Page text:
Old Man River: The Mississippi River in North American History
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"Old Man River," Paul Schneider's exploration of America's great waterway taking the reader from the Mississippi River's origins to its polluted present and tracing its prehistory, geology, and cultural and literary histories is as vast as its subject.
The fascinating cast of characters includes the French and Spanish explorers de Soto, Marquette and Joliet, and the incomparable La Salle; George Washington fighting his first battle in an effort to secure the watershed; the birth of jazz and blues; and literary greats like Melville, Dickens, Trollope, and, of course, Mark Twain.
Pirates and riverbats, gamblers and slaves, hustlers and landscape painters, loggers and catfishers, tourists and missionaries: The Mississippi is a river of stories and myth. It's Paul Robeson sitting on a cotton bale, Daniel Boone floating on a flatboat, and Paul Bunyan cutting trees in the neighborhood of "Little House in the Big Woods."
Half-devastated product of American ingenuity, half-magnificent natural wonder, it is impossible to imagine America without the Mississippi."
the Spaniards. Flood victims in Hamburg, Louisiana, 1927. No one kept much of an account of the floods during the next centuries: New Orleans was underwater for several months in 1734, and the Cajun country was flooded in 1788. There were thirteen notable floods on the lower Mississippi River in the nineteenth century: in 1809, 1825, 1849, 1851, 1858, 1859, 1874, 1882, 1883, 1884, 1890, 1893, and 1897. In that same period there were hundreds, or perhaps thousands, of other high-water events
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process of warming, which had already disrupted and stressed the continental ecosystem, was slammed into reverse, putting some species over the edge into extinction. Also, a thin layer of sediment in the strata may suggest that a meteoric impact or a period of intense volcanic activity took place. A very small increase in mortality can lead to the extinction of a species over a long period, these arguments agree, but there were causes of their extinction other than early hunters. The most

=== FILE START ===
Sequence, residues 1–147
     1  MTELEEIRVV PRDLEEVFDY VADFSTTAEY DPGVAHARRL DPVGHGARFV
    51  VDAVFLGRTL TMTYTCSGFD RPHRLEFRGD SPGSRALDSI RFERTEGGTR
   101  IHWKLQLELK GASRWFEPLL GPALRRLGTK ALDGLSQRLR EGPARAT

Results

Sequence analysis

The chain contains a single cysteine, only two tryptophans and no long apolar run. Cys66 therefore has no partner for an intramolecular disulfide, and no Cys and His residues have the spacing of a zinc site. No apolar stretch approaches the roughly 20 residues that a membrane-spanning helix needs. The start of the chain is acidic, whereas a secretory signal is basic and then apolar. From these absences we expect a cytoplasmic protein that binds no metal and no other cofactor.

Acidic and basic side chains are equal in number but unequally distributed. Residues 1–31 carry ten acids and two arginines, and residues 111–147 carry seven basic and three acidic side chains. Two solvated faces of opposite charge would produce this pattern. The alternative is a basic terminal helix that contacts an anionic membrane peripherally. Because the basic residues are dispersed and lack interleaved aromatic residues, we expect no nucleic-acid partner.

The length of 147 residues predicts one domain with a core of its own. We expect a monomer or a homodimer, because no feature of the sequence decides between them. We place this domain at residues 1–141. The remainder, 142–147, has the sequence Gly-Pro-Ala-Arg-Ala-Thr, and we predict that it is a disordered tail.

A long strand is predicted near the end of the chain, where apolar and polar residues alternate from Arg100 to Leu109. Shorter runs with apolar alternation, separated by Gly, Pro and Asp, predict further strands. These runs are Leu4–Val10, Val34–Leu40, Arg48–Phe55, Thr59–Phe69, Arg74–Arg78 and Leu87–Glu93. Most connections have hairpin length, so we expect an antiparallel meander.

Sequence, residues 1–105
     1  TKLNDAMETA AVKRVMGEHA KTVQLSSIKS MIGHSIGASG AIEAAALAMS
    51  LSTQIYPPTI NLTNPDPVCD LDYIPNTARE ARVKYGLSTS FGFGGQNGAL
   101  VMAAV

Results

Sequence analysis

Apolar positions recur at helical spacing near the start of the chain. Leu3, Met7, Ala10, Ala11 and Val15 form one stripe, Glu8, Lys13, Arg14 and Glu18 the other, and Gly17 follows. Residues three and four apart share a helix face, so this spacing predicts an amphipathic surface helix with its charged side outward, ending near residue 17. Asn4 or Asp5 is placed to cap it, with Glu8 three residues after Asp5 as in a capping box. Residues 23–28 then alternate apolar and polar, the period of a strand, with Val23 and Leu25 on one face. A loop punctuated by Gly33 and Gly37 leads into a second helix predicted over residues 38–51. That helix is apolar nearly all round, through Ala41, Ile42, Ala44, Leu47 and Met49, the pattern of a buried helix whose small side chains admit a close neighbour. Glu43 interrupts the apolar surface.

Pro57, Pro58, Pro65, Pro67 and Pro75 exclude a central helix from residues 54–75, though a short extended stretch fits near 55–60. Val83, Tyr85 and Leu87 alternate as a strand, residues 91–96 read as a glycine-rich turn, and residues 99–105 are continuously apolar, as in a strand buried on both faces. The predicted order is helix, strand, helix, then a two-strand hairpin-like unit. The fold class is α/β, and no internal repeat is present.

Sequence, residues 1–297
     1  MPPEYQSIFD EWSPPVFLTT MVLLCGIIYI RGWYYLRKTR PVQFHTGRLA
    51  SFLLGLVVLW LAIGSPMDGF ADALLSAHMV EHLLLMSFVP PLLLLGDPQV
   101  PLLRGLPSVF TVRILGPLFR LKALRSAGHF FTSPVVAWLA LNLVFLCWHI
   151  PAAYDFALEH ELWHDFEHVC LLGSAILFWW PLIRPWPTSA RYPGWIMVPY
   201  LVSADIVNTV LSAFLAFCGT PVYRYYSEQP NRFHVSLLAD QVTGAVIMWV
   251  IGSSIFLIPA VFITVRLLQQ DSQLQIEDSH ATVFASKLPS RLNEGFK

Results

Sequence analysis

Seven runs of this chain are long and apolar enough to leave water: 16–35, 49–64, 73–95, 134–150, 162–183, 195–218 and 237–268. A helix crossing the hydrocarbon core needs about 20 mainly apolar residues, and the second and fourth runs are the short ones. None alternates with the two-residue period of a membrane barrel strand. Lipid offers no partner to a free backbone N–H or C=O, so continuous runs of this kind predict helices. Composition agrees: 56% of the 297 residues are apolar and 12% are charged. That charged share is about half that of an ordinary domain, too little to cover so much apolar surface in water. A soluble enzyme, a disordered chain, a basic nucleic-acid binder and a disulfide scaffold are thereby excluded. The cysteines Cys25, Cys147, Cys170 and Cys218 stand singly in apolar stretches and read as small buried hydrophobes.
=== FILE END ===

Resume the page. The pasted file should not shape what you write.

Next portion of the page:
turned to the Virginians, whose turn it now was to respond. There was an awkward pause, however, when the visitors suddenly realized they weren’t as prepared as they should have been. “The Commissioners [did not have] any Wampum strung, without which Answers cou’d not be returned.” It was a bit of a faux pas, which their translator—a half-Seneca, half-Canadian named Andrew Montour—only managed to finesse by requesting a recess. The Virginians then spent their lunch break threading beads, because
ineptitude—depended on one’s opinion of Albert Koch. The showman died on December 28, 1867, at the age of sixty-three, and nearly sixty years would pass before mainstream archaeology came to embrace the implications of his greatest find. His Missourium is still on display at the British Museum in London, though it turned out to be “just” a mastodon once his erroneous additions of vertebrae and ribs were subtracted. His other major finds were both destroyed by fires: the hydrarchus in the Allied